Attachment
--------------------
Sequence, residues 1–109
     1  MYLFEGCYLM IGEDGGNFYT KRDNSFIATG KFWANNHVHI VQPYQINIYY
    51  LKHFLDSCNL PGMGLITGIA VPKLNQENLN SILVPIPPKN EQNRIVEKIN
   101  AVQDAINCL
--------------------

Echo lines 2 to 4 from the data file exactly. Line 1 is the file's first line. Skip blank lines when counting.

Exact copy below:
     1  MYLFEGCYLM IGEDGGNFYT KRDNSFIATG KFWANNHVHI VQPYQINIYY
    51  LKHFLDSCNL PGMGLITGIA VPKLNQENLN SILVPIPPKN EQNRIVEKIN
   101  AVQDAINCL